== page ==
- discuss theorizing efforts of Global South IR scholars in contemplating about the ‘international’.
We invite participants to propose papers, panels or roundtables by registering as a user and uploading the respective proposals to the conference registration system accessible here. A panel consists of four or five papers (minimum/maximum), one or two discussants and a chairperson. Linked panels on a common theme can also be proposed and should be marked accordingly. Up to four panels can be linked in this fashion. A roundtable consists of up to 8 participants and a chairperson. Each panel and roundtable lasts for 105 minutes. Paper-givers will have approximately 12 minutes for their presentation, as will the discussant(s). Chairpersons of both panels and roundtables should leave approximately 30 minutes for discussion from the audience.
Papers will be given in English and will have to be uploaded on the conference registration system. Powerpoint presentation is possible. A paper will be allocated by the Programme Committee to an appropriate panel, tabled, or rejected. A tabled paper is an official contribution to the Conference but one that will not be discussed in a panel due to the exigencies of time, space or topic. Panel proposals should include an international element among its participants or the Programme Committee may exercise its prerogative to include such an element. It is expected that paper givers will circulate their papers to all other participants on their panel in a timely fashion.
The Conference is open to all members of any WISC member organization and to others with similar interests in the scholarly and practical aspects of international studies. The Programme Committee reserves the right to refuse permission to participate. Decisions of the Programme Committee are final.
- 01 July 2016: Deadline for submissions of panels, roundtables, and papers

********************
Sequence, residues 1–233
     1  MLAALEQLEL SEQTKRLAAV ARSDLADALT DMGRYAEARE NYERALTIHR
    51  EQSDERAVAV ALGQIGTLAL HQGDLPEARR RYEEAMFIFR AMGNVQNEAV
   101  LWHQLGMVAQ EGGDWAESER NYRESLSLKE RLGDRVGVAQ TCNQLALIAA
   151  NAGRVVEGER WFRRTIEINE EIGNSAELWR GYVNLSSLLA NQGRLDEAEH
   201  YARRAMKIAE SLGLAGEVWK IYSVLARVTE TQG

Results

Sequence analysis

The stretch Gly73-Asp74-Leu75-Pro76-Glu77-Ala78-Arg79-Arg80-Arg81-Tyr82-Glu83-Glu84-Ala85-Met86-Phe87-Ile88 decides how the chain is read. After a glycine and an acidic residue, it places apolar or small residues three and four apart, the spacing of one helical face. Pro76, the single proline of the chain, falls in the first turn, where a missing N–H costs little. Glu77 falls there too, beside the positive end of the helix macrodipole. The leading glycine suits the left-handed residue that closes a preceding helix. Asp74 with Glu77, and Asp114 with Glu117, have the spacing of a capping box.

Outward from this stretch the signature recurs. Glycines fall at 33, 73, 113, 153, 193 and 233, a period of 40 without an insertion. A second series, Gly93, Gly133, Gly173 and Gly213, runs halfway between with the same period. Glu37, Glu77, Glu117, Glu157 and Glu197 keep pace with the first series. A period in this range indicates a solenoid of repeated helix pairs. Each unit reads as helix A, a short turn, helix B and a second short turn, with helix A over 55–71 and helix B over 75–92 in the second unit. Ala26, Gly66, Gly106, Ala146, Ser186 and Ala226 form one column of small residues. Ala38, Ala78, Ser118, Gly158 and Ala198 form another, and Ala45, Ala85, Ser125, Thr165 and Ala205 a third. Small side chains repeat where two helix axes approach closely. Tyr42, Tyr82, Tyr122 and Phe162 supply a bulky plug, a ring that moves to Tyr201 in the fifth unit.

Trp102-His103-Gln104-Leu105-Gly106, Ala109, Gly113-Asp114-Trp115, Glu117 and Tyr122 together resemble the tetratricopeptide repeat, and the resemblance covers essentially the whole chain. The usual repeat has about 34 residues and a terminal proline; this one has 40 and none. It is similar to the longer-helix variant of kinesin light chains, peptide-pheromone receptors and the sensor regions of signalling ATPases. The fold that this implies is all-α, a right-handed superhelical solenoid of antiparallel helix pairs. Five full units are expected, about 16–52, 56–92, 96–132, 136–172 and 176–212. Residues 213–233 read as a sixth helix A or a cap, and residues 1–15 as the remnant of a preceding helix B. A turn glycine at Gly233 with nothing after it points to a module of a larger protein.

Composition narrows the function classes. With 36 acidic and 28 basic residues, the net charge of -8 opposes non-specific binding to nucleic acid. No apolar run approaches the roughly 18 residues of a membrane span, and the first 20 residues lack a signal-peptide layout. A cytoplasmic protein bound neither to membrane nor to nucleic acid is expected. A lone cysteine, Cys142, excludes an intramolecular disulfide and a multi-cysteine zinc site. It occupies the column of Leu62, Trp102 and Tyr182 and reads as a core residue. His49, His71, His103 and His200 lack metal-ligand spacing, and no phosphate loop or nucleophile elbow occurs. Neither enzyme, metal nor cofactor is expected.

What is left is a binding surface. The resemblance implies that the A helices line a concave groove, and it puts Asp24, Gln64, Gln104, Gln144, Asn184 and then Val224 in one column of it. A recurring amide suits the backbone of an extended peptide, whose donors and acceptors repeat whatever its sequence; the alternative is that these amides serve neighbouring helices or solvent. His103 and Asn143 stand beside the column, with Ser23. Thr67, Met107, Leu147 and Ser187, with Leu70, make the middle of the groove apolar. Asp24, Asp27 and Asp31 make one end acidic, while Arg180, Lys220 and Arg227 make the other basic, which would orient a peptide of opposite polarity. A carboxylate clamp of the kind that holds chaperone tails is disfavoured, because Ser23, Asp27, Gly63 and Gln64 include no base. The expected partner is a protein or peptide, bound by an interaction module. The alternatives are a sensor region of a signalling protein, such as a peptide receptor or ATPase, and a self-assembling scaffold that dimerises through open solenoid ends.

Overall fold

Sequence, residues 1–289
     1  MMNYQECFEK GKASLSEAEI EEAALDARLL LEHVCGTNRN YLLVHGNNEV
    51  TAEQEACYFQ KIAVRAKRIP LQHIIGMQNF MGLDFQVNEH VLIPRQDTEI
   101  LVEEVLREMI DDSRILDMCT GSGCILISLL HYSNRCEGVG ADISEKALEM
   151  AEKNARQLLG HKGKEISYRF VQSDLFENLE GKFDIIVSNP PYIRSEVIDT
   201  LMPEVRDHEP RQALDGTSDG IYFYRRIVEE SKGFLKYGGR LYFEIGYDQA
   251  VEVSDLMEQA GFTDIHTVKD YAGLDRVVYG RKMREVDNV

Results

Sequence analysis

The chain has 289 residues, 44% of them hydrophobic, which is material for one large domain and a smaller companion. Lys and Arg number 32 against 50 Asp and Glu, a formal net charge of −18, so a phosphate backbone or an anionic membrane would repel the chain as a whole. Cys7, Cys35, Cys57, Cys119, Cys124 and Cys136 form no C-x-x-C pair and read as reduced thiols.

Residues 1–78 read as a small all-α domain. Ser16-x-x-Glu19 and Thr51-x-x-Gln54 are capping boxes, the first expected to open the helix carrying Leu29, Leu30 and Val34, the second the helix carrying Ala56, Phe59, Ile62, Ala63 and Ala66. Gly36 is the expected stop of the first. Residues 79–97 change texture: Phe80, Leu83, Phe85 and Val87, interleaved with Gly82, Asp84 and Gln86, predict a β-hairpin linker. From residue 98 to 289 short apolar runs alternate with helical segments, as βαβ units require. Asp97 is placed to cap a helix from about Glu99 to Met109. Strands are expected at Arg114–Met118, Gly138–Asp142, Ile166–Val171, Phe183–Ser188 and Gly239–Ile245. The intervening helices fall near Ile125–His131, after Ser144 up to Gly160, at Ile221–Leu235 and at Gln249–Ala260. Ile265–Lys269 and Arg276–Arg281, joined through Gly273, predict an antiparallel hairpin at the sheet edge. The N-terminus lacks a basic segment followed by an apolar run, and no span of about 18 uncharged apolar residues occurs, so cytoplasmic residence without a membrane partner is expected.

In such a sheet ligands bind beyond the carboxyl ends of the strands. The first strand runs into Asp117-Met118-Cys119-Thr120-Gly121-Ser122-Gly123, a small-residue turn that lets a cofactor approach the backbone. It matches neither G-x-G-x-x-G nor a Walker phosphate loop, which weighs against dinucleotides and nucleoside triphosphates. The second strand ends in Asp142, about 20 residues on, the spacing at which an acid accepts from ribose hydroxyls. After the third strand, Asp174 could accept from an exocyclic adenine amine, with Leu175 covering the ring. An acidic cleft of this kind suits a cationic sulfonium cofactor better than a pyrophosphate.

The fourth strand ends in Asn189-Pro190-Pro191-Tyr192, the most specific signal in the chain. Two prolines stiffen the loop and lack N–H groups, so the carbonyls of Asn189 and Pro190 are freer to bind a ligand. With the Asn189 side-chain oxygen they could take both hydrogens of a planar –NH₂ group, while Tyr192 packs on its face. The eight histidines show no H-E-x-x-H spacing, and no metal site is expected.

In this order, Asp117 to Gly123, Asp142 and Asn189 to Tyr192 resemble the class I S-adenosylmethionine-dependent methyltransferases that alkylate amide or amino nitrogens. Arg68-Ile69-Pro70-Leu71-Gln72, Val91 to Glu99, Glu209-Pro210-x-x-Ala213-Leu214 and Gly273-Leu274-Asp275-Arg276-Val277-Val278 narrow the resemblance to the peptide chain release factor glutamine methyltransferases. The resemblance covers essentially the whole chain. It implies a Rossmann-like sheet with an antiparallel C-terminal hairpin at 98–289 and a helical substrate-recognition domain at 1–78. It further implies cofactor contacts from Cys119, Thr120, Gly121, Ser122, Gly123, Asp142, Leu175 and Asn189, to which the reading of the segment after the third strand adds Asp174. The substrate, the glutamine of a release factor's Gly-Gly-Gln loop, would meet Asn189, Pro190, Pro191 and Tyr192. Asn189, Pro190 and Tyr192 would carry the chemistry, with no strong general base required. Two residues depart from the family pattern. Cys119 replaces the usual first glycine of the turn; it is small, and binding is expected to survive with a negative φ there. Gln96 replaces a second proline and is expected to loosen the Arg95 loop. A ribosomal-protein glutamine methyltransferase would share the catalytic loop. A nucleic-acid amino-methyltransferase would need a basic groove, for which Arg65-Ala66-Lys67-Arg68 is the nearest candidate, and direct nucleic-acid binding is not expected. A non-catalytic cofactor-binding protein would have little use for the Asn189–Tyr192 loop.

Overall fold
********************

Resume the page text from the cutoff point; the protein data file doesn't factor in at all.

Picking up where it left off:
- 01 October 2016: Latest date for communicating acceptance / rejection decisions
- 1-3 April 2017: 5th Global International Studies Conference, Taipei
To apply for the travel grant, please fill out the WISC Travel Grant Application Form. WISC travel grants are intended to supplement other sources of funding for individuals attending a WISC-sponsored event. They are not meant to cover all the expenses involved. Travel grants are only provided to individuals who are presenting research results, normally in the form of an academic paper. They are awarded primarily on the basis of need.
This applies especially to (a) scholars from countries with low salaries and/or low budget institutions; (b) graduate students / PhD candidates; and (c) junior scholars whose institutions may not provide travel support. In general applicants will be preferred when financial assistance will have a positive impact on their ability to attend the academic event. Applicants will be asked to indicate both the estimated total as well as the minimum amount needed to actually attend the respective event.Send your application for travel grant at email@example.com.
Please take note that during the submission of your contribution, please tick the following topics:
- Teaching IR in a non-Western context
- The Possibilities of a Global IR
- International Relations in (South) East Asia
and write in the keywords: PhISO
In addition, please add a remark stating that your contribution is ‘to be included for the section of PhISO‘. Please do not forget to email us at firstname.lastname@example.org that you submitted your abstract*. Thank you.
*200 to 300 words only. An abstract is a brief summary/in-dept analysis that constitutes the issue (research problem), framework (theoretical/conceptual), method(s), and conclusion of your thesis/paper.